Leafy greens are full of nutrients and flavor. We know not everyone loves them, but when you know how to cook greens, including how to cook collard greens to add to Southern dishes plus tips for cooking mustard greens to mellow their heat, you'll find almost everyone likes this veggie more than they thought.
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Sturdy leafy greens, such as chard, kale, mustard, beet, collard, and turnip greens, are known as cooking greens. They bring valuable nutrients to your diet, along with some flavor and color to your table. With the exception of collard greens, most cooking greens can be shredded and used raw in small amounts with other, more tender greens in a salad mix. However, these hearty greens are most commonly served cooked. Whether you're interested in how to cook mustard greens, how to cook kale greens, or other leafy veggies, we've got the basics on cooking greens covered.

Wilted Mustard Greens

How to Cook Greens

Cooking greens, as the name suggests, are most commonly served cooked (though you can use most of them raw). Beet greens, chard (including red Swiss and rainbow chard), collard greens, dandelion greens, kale, mustard greens, turnip greens, and spinach are all considered to be cooking greens. The difference between them and other greens is that they're usually cooked before eating, unlike other leafy veggies such as arugula and spring greens. You can certainly still cook arugula and other noncooking greens (like bok choy), but since they're more often eaten raw, they're not considered cooking greens.

Follow these two steps for cooking collard greens, turnip greens, beet greens, or any other type of cooking greens. This basic method works for most greens and yields four servings. Spinach is an exception—while you can boil it similar to the method included below, cooked spinach is best when sautéed.

Get the Recipe

1. Prep the Greens

2. Cook the Greens

  • Bring a small amount of lightly salted water to boiling in a Dutch oven like this Lodge 6-Quart Enameled Cast Iron Dutch Oven ($58.70, Amazon). Add the greens.
  • Cover the pan and cook until tender. Chard and beet greens will take 8 to 10 minutes; kale, mustard, turnip, and collard greens will take 15 to 20 minutes.
  • Drain the greens well in a colander, pressing to remove excess liquid.
  • If desired, toss with 1 tablespoon butter or olive oil. Season to taste with salt and pepper.

Adding Flavor to Cooked Greens

For more flavor when you're cooking greens, consider these options.

  • Use chicken broth for the cooking liquid instead of water.
  • Add chopped onions, garlic, and/or bacon to the cooking liquid.
  • Top cooked greens with crumbled crisp-cooked bacon.
  • After cooking, sprinkle greens with balsamic or cider vinegar.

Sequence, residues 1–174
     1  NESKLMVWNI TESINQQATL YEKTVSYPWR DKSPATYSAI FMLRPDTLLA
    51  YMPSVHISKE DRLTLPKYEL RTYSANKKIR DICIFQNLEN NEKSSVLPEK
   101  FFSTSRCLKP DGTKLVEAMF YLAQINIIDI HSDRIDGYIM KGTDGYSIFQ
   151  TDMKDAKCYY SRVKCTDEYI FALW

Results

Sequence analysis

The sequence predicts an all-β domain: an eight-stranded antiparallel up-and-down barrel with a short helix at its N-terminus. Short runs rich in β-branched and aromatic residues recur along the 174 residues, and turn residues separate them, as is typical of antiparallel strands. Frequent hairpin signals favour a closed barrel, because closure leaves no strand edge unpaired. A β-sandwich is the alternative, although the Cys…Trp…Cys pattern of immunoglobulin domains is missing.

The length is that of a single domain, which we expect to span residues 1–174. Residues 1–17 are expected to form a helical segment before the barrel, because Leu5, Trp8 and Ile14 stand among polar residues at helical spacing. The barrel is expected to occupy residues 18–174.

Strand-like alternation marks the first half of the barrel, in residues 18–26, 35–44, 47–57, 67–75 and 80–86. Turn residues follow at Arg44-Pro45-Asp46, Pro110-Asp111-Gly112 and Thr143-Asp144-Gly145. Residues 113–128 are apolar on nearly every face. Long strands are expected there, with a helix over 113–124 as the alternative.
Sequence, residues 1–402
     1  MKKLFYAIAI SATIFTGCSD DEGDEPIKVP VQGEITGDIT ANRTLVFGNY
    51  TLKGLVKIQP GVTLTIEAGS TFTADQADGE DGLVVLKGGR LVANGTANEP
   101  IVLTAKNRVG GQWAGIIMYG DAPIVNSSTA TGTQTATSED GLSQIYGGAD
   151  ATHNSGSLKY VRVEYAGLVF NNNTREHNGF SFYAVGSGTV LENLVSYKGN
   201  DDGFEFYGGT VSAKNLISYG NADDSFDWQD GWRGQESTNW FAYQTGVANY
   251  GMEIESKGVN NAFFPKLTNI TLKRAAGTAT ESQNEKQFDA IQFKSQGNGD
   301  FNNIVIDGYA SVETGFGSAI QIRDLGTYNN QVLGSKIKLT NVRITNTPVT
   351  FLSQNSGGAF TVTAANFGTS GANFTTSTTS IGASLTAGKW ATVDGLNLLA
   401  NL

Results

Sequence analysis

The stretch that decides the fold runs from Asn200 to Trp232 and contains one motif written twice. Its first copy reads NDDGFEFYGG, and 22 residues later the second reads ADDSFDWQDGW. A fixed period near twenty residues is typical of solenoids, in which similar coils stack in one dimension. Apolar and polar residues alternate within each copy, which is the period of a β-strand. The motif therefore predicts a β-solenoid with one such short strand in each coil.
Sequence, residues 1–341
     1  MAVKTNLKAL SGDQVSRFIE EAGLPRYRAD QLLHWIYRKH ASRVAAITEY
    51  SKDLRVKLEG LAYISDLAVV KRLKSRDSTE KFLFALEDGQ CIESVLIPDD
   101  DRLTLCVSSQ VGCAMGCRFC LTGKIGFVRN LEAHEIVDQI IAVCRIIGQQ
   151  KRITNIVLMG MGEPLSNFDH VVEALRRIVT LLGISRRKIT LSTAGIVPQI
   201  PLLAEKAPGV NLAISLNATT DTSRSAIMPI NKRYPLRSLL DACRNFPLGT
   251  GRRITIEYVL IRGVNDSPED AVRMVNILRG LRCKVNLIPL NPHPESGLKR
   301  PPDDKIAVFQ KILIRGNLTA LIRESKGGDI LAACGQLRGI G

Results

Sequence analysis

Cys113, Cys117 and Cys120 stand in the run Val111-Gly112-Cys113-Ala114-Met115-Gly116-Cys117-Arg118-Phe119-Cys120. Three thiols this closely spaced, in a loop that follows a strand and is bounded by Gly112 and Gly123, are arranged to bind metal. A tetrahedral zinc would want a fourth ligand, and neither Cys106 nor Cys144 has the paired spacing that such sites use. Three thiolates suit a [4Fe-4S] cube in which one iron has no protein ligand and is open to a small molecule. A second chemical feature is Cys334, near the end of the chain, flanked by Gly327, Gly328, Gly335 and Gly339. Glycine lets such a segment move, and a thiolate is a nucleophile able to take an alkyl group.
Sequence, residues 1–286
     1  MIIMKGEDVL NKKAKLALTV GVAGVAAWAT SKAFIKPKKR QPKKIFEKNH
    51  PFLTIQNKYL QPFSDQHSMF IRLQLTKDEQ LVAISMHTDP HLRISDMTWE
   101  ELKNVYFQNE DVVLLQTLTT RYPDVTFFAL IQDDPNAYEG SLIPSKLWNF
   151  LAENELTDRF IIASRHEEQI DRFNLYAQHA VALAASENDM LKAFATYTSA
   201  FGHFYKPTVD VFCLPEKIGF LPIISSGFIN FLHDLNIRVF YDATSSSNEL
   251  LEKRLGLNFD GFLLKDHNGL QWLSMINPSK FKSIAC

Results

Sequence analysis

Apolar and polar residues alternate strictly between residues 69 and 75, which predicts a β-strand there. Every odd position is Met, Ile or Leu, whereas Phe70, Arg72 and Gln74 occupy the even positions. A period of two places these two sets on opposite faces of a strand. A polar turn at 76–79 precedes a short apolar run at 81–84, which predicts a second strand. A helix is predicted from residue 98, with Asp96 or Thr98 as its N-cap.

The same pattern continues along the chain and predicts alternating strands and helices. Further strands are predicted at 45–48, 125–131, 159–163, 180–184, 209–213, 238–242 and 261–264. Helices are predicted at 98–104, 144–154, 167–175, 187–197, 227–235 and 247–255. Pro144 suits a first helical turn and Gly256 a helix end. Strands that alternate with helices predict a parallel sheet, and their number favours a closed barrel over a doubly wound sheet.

Chard and greens at market

Different Types of Greens

If you can't decide between cooking beet greens and cooking kale, use this guide to help you pick out a green to pair with dinner. Here are the flavor profiles of some of the common cooking greens you're likely to find at the market.

  • Beet Greens: Often red-veined, the leaves have a mild beetlike flavor, though larger leaves can be more pungent.
  • Chard: Tasting a little like a cross between beets and spinach, chard can be light to dark green, with stems in colors from white to pink to orange to red. Chard is often referred to as Swiss chard.
  • Collard Greens: These thick, coarse, paddlelike leaves bring cabbage- and broccoli-like flavors.
  • Dandelion Greens: These greens are tender but have a subtly bitter flavor to their slender, sawtooth-edge leaves.
  • Kale: This crinkly-leaf green has an assertive peppery bite. You can find it in flowering, purple, common green, and white varieties.
  • Mustard Greens: Expect a hot mustardy flavor in these light green leaves, though cooking can mellow the heat.
  • Spinach: If you want a mild, sweeter flavor, look for baby spinach at the store—it'll also be less prep work, since the stems are smaller and more tender than larger, mature spinach leaves.
  • Turnip Greens: These greens impart both peppery and mustardy zing, which becomes less pronounced after cooking.

Choosing and Storing Cooking Greens

While most cooking greens are available year-round, their peak season is from September to May. The exception is chard, which is at its peak in the summertime, from June through August.

  • Look for leaves that are brightly colored with no sign of yellowing, wilting, or discolored spots.
  • To store, cut away the center stalks of kale leaves (leave stalks on the other leaves). Refrigerate greens in plastic bags up to five days; the exception is mustard greens, which can be refrigerated up to a week.

Once you master cooking greens (and discover your favorite), it's easy to serve them as a healthy side with dinner. We're always on the lookout for speedy, healthy side dishes that we can serve with a weeknight dinner, and cooked greens are an easy go-to. Plus, there are so many different varieties that you can mix it up each night by cooking collard greens one day, cooking beet greens the next, and switching it up every night of the week.


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